What to Know About Endoscopic Sinus Surgery
Let’s talk about how to prepare for sinus surgery. After discussing sinus surgery, you and your doctor have decided it’s the right option for you, you’ve probably already had a CT scan, you’ve taken the time to schedule the surgery, and now you’re awaiting your surgery.
You might have been experiencing a sinus infection or other sinus symptoms prior to this and made an appointment with your general practitioner or primary care physician about available options. They’ve most likely referred you to an ENT doctor, and you’ve already received the news that sinus surgery is the best type of surgery option for you. So far, so good!
How to Get Ready for Your Sinus Surgery
Before you arrive at the surgery center, you should be aware that the more prepared you are, the better the outcome is likely to be. To help prepare for a smooth surgery, below are some things to keep in mind.
Listen to Your Doctor
As part of the pre-operation routine, the ENT doctor usually gives the patient instructions. These are meant to be followed closely for anyone preparing for sinus surgery. If you’re at the stage where you have an operation scheduled, you probably have received instructions from your doctor or their staff; follow these instructions.
The instructions your doctor gives you are well established, and they have worked for many patients.
Have you experienced any of the following symptoms for 12 consecutive weeks or longer and are over the age of 18?
- Facial pain, pressure, or fullness
- Difficulty breathing through nose
- Descreased sense of smell
- Drainage of cloudy or colored mucus
Sinus Surgery Checklist
There are many things to consider when you prepare for sinus surgery, below is a recap of common instructions that you’re likely to receive—these are merely informational, follow your doctor’s orders and direct any questions to your doctor:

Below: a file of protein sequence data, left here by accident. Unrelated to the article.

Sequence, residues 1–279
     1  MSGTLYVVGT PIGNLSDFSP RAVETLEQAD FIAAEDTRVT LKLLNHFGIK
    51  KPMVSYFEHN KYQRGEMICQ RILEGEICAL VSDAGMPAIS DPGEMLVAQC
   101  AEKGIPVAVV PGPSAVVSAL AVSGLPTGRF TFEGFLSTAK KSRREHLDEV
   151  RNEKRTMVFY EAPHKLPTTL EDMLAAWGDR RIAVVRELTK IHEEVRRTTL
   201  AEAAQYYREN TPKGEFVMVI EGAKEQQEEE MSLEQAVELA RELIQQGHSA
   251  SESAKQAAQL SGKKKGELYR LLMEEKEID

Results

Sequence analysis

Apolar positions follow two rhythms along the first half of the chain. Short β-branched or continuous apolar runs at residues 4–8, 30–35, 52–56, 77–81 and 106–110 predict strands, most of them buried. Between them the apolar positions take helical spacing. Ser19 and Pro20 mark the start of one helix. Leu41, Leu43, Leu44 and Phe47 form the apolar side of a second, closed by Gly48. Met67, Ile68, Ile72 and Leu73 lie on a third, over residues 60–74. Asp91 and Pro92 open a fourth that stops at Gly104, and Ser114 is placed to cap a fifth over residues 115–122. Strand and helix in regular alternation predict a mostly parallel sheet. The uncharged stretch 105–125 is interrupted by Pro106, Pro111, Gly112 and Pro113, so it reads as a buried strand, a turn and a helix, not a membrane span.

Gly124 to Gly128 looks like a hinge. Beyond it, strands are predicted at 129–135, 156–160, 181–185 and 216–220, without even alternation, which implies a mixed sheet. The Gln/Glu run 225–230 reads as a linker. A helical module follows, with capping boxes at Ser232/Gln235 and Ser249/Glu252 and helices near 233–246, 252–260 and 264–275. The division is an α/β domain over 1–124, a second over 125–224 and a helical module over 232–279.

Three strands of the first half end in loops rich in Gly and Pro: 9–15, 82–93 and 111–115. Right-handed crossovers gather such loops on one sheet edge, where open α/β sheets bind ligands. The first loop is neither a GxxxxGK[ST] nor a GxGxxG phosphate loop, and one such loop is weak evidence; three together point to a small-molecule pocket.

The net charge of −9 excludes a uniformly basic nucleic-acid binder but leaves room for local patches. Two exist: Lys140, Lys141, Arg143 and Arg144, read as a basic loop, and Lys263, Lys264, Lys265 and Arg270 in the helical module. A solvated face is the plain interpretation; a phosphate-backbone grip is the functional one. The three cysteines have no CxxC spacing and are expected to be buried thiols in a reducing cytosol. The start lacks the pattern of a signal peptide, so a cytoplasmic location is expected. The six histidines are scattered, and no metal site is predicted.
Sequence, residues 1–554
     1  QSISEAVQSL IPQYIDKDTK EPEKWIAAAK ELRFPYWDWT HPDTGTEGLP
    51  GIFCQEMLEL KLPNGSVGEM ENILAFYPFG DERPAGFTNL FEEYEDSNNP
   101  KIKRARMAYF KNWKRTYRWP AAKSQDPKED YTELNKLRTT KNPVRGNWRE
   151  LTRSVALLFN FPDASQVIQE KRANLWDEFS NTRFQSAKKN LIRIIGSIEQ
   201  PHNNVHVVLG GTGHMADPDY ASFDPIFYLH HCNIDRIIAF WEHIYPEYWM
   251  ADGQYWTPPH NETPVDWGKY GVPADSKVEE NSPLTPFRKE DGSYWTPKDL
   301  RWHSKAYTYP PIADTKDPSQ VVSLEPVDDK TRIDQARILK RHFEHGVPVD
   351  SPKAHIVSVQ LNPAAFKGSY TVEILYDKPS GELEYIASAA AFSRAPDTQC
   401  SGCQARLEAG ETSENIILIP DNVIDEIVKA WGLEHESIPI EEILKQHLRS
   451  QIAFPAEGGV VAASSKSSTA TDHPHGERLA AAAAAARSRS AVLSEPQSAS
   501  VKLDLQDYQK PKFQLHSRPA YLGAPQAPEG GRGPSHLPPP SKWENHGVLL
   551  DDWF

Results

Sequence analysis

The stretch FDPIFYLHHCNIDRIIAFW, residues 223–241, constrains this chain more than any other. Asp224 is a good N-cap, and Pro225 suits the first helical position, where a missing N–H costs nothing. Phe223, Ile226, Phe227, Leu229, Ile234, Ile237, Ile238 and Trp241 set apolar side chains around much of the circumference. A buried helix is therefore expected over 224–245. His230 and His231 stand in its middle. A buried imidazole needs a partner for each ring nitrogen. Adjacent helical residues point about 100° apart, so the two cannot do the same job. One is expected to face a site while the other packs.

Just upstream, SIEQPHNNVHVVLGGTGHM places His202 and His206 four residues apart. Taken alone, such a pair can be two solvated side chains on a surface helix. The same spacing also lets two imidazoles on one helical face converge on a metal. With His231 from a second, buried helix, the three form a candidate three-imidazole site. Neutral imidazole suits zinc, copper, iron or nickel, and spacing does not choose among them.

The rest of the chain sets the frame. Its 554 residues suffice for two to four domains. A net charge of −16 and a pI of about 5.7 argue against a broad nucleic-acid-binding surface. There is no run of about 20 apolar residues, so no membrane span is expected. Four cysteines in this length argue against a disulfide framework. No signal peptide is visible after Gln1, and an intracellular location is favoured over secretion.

- Your ENT doctor will let you know which medicines to take1, make sure to follow their specific prescription instructions whether it’s antibiotics or oral steroids. You’ll have specific schedule of frequency and dose amount you should be taking for various medications, so be sure to follow as instructed.
- There are certain medications you may need to avoid prior to surgery, ask your doctor how many days before surgery you need to stay away from these medications. It could be for at least seven to 10 days before surgery. Examples of commonly prohibited medications are aspirin, ibuprofen (Motrin or Advil), naproxen (Aleve), and other nonsteroidal anti-inflammatories (NSAIDS).2 (Tylenol isn’t an NSAID and may be taken up to the day of the surgery. Check with your ENT doctor if you should take it pre-operation.1)
- Also avoid Vitamin E supplements, gingko biloba, garlic tablets, and ginseng. These medicines can thin the blood, which can cause issues during surgery.1 Your ENT doctor will provide you with specific instructions for this and other issues. If you have questions, ask your ENT doctor.
- If you’re taking medication, you’ll want to tell your ENT doctor and they’ll let you know whether or not it’s safe to continue during the days leading up to your sinus surgery.1 The ENT practice can then review issues they may not already know about, and your other doctors can clear you for surgery.
- It is recommended to stop smoking at least three weeks before surgery and continue not smoking for at least a month afterward. (In fact, quitting smoking is important regardless, so please consider it.3,4)
- On the day of your surgery, you should consider not eat or drink anything after midnight.5 This is because anesthesia can be less safe if the patient has anything in their stomach.
Still Have Other Questions About How to Prepare for Sinus Surgery?
Surgery is a major event, and it’s important to follow the doctor or nurse’s instructions for the best results and an uneventful recovery. Your ENT doctor and their staff have lots of experience assisting patients in preparing for sinus surgery.
If you aren’t certain about any aspect of the surgery contact your ENT doctor. They’ll be able to address your questions, so you feel educated and informed about your operation. In addition, make sure to follow the post-operative instructions and attend all post-operative follow-up visits.
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